Let’s not also forget that criminals were also associated with wolves that they were sometimes hanged along with the latter. In Swedish, the word for wolf is ‘varg’ (as in warg, another one of those words for criminal). (However Norwegian retains ‘ulv’.) The association of wolves (and dogs) with criminality and witchcraft (in fact it was considered a crime itself and Britain had the Anti-Witchcraft act before) is frequent enough to be included in various demonologies like ‘On the Discovery of Witchcraft’ and ‘Compendium Maleficarum’.

Another, that’s sometimes ignored by Anglophones (but one French, Dutch and German people know well) is the Reineke/Reynard stories. That’s the one involving a fox trickster where the wolf (named Isegrim) appears as a villain. Since the other French word for fox (goupil) was so stigmatised that the word ‘renard’ is now more predominantly used (though I do recall a Swiss website using goupil instead). This might also be true for Spanish language using zorro.

Or Portuguese utilising ‘raposa’ with Italian the only major Romance language to retain ‘volpe’. (I say ‘major’ in that there are likely some minor Romance languages that retain ‘vulpes’ to mean fox, most notably Romansh’s golp.) Keep in mind that even today, there are some Europeans (Germans included) still wary of wolves even though others think dogs are just as responsible for wildlife and livestock predation.

The other creepy beasts

Like I said about foxes in East Asia, their reputation’s historically mostly not positive but in the sense of them being linked to witchcraft though positive or neutral takes do exist. Something like the old Japanese fear of foxes possessing people, driving them insane or something. That and in addition to shapeshifting and being either witches themselves or owned by them.

Similar for hyenas in the Middle East and Africa. I think I have a book on Nigerian lore where it states that hyenas are also associated with witchcraft though some people do bother taming them. The same things can be said of their Ethiopian counterparts where most don’t like them but some bother taming them.

Especially in an enclosed city. I also said in another post that social stigmatisation’s enough to minimise the number of people owning such animals and in this case, it’s based on the fear of witchcraft. It’s like in Japan (and China) before where if somebody owned a fox, they’re deemed to be witches. Same with hyenas elsewhere and at some point or another (and still is among some communities) cats and dogs.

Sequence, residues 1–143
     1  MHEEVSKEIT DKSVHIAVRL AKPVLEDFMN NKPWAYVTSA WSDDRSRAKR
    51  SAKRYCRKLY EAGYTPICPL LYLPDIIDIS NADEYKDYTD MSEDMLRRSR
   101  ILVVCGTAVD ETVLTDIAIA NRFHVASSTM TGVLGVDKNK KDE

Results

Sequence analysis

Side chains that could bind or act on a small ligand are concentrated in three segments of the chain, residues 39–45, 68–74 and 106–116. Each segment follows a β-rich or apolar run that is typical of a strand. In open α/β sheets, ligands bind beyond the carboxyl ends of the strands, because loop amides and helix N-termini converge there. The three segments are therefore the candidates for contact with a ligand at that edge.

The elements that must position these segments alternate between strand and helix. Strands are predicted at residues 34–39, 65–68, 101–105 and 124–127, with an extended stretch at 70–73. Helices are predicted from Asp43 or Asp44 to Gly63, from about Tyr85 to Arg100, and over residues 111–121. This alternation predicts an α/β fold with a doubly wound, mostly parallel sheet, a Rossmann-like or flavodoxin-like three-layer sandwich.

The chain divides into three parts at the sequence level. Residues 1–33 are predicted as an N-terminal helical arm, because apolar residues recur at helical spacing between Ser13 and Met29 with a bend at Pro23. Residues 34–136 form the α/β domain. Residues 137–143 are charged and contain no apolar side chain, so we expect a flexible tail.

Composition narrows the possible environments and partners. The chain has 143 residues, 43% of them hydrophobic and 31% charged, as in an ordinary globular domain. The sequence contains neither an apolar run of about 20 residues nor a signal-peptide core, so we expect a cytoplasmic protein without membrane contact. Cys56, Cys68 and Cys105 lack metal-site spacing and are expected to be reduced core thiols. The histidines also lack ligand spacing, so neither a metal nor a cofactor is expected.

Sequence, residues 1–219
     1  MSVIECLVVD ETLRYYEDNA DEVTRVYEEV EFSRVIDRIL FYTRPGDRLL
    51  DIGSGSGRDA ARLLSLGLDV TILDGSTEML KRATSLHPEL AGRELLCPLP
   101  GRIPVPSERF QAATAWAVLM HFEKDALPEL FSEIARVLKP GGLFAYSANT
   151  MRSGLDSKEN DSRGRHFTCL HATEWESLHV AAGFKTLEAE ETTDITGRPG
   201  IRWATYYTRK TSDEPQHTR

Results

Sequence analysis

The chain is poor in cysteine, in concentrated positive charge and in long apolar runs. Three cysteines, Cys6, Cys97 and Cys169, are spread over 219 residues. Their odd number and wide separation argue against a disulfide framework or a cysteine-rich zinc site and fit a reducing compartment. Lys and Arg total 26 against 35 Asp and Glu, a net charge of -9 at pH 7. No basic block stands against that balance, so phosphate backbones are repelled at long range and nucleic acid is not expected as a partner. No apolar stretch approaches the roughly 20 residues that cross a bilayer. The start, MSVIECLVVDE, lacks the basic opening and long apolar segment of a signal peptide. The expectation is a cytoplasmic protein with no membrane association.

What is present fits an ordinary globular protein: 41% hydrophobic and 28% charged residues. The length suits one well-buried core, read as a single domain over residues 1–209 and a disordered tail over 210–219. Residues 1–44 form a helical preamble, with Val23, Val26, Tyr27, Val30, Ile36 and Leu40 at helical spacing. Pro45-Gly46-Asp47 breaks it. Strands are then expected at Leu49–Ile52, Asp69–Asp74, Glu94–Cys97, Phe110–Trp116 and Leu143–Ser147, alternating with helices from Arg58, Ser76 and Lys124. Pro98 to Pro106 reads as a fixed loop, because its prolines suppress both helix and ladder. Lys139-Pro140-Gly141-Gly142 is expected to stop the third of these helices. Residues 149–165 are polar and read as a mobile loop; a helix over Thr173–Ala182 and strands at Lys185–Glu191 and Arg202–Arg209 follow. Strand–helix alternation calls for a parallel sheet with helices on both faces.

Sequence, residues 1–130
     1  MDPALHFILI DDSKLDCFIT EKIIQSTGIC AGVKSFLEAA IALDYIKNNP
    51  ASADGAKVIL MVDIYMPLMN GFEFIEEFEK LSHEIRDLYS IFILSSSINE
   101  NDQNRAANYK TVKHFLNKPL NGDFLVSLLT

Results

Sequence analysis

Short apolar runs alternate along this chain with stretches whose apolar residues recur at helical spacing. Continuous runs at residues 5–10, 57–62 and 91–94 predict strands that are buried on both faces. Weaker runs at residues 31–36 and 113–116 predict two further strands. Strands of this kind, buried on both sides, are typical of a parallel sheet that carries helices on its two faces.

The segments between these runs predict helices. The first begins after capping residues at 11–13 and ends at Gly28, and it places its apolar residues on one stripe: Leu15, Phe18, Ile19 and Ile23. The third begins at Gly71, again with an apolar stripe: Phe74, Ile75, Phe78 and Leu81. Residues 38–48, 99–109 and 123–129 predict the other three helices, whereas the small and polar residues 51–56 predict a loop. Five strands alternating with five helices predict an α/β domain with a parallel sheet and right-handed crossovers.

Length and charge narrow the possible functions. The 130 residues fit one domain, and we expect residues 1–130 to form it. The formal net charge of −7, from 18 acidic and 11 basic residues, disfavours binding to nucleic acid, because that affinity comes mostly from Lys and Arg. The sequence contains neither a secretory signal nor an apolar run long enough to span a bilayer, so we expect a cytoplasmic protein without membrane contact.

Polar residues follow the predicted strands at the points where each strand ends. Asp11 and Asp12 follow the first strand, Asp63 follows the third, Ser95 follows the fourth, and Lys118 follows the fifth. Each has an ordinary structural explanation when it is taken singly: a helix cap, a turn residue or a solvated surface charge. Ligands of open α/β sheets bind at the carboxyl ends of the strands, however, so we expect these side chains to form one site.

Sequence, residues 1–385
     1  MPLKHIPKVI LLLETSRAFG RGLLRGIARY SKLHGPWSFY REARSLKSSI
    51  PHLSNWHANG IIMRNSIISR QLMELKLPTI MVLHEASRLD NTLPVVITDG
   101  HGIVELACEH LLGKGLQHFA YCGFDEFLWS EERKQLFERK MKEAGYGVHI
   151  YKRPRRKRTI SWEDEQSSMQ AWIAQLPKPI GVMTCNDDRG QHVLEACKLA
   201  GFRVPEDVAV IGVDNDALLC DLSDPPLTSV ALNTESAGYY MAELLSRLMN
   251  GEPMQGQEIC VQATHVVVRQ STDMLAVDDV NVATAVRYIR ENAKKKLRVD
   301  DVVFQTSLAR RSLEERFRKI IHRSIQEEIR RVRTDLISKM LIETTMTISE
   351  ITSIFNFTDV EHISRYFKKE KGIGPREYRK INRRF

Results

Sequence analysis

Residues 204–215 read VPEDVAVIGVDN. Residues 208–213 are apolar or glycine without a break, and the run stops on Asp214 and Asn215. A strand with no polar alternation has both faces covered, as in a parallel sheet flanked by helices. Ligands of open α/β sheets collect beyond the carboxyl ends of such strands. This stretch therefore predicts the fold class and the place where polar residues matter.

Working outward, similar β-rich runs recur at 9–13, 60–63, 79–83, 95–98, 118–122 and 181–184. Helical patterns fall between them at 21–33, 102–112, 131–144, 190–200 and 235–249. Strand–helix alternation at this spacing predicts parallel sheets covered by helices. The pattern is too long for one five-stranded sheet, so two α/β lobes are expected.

Mind you this blog has enough excerpts about dogs having a witchy reputation and association. There’s also one Cameroonian case about some villagers killing dogs out of fear of sorcery and in another case, a Ghanaian witchdoctor cursed a footballer by using his dogs or something. That and some Pentecostal churches linking them with witchcraft though this varies between locales, individuals and communities.

Same with their European counterparts before among other things.

Tamed foxes

It’s not that foxes weren’t tamed or domesticated before, they did however for fur since the Middle Ages though this wouldn’t become a big industry until recently (I could be wrong about it so). Keep in mind this might be more of a European phenomenon, especially wherever fur farms go as in East Asia, they’re historically considered macabre witch beasts. (When you think about it, foxes are weird dogs and unsettling enough for some people.)

Same reason why not too many people tame hyenas due to superstitions though there was a tradition of Ancient Egyptians taming them as do a minority in Nigeria and Ethiopia (again with the witch beliefs). It’s also fair to say that whilst the Chinese are somewhat cautious of foxes for various reasons, most Russians are also likely cautious of them but some bother taming even further for scientific experiments.

Some of them go on to become somebody’s pets though there are also some people who fed them often especially when it comes to urban foxes.

Fur and loathing in East Asia

I don’t know what foxes are like personally speaking though to be honest they’re kind of like weird dogs. That’s if you’re so used to dogs and moreso in places where any other canid is nonexistent that other canids would sometimes weird some folks out. Comes to think of it, the East Asian distrust of foxes (though this may vary between individuals in terms of degree and reasoning) stems from the uncertainty around them.

Not that all East Asians dislike foxes but that they do weird them out. They’re dogs but also not quite. It’s the uncanny valley thing along with the odd sounds they make that inspire superstitions and beliefs about their link to witchcraft. On one hand it’s daft and on the other hand, it does make you wonder if foxes can really be unsettling to some people.

When you think about it, they’re weird dogs. So much so that they’re almost always the face of witchcraft in East Asia.